Carrie Gracie Pulled No Punches In Her Open Resignation Letter To The BBC

BBC pay is back at the top of the news agenda this morning, with people around the world tweeting their support for its China editor. Why? Last night, Carrie Gracie resigned over pay inequality between men and women, saying there was a "crisis of trust" at the corporation.
Gracie, a BBC journalist for three decades and one of its four international editors, published an open letter to licence fee payers on her website in which she resigned from her post over pay inequality with male colleagues. She said she believed the public has "a right to know that [the BBC] is breaking equality law and resisting pressure for a fair and transparent pay structure."
Gracie has garnered much support for her bold move, with countless colleagues, MPs, members of the public and celebrities, including Emma Watson, commenting publicly on the scandal and using the hashtags #IStandWithCarrie and #BBCwomen.
Last July, when the BBC was forced to reveal the salaries of staff earning more than £150,000, it emerged that the two male international editors – US editor Jon Sopel and Middle East editor Jeremy Bowen – were on the list, while she and her colleague Katya Adler, Europe editor, were absent.

I am not asking for more money...I simply want the BBC to abide by the law and value men and women equally

"I am not asking for more money," Gracie continued. "I believe I am very well paid already – especially as someone working for a publicly funded organisation. I simply want the BBC to abide by the law and value men and women equally." The BBC told her "there were differences between roles which justified the pay gap, but it has refused to explain these differences."
Gracie claimed the corporation wasn't following through on its commitment in July to give equal pay to men and women doing equal work. "For the first time, women saw hard evidence of what they’d long suspected, that they are not being valued equally."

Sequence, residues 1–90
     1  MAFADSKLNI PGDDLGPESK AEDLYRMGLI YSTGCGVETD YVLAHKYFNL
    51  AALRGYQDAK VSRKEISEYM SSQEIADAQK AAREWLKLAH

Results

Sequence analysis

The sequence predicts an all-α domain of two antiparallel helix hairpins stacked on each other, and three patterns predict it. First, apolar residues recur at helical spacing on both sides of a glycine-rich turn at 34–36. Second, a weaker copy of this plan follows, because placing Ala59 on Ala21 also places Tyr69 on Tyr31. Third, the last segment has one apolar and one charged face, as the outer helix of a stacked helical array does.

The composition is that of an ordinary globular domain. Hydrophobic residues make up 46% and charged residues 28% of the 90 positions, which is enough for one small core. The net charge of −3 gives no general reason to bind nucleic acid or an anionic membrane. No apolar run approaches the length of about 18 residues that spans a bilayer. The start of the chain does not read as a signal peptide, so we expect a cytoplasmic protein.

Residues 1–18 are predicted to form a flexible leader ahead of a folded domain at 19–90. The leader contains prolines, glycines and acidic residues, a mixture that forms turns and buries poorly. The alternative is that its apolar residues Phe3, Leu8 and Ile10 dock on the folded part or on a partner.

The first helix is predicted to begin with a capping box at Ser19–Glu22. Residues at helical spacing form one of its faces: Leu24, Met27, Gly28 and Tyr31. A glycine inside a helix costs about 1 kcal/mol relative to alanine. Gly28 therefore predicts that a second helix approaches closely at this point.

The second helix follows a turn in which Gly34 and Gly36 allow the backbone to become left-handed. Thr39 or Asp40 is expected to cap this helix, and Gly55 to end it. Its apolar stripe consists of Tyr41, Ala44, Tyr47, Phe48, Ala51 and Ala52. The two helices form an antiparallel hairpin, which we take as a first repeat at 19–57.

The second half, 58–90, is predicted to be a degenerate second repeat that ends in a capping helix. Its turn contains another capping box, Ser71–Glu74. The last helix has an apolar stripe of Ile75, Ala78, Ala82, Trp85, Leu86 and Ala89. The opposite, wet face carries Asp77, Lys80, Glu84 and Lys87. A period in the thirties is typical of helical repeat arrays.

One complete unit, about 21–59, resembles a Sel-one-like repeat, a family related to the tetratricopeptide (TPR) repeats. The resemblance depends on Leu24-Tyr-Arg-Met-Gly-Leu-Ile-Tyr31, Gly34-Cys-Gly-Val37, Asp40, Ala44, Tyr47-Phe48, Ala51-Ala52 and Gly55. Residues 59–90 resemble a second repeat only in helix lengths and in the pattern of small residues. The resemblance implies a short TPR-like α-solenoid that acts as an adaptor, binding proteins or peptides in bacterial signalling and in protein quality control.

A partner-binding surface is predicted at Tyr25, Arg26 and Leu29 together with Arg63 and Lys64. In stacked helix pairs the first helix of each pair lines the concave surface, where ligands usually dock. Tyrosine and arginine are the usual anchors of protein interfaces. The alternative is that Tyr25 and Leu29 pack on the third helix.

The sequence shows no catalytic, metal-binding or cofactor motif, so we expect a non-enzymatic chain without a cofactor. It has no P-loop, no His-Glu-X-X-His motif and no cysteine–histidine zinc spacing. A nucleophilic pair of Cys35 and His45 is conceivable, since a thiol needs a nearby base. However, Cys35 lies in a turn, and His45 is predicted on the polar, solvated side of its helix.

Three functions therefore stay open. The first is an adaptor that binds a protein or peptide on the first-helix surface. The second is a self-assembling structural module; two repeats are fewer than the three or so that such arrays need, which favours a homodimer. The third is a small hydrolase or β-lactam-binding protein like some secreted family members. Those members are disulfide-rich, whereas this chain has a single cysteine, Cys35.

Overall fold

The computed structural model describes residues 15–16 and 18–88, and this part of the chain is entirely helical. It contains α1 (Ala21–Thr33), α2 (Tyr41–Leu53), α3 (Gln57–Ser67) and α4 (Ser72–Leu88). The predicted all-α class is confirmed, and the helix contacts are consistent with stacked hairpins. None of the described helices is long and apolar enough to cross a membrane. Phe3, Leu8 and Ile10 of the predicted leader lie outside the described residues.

She said that while many women have since sought equal pay "through internal negotiation... managers still deny there is a problem," adding that the situation would likely "end in a disastrous legal defeat for the BBC and an exodus of female talent at every level."
Gracie said she won't be leaving the corporation completely but will return from Beijing to her previous job in the BBC newsroom, "where I expect to be paid equally". The group BBC Women, made up of more than 130 broadcasters and producers, was formed in the wake of July's revelations and released a statement in support of Gracie.
Emma Watson, who was asked about the story at the Golden Globes in LA last night, said that while the BBC's commitment to pay equality was "great... we need to see them fulfil it," the BBC reported. "What has happened with the resignation is a really good example. You have got to follow through. You have to back up what you are saying."
Female politicians and campaigners praised Gracie's move on Twitter, including SNP leader Nicola Sturgeon and no-nonsense Labour MP Jess Phillips, who tweeted saying she'll start paying 50% less of her licence fee.
Many of Gracie's female colleagues at the BBC, and others in the media associated with the corporation, also got behind her, with many describing her as "brave and brilliant".
There was less support from men working at the corporation, although a few did put their heads above the parapet.
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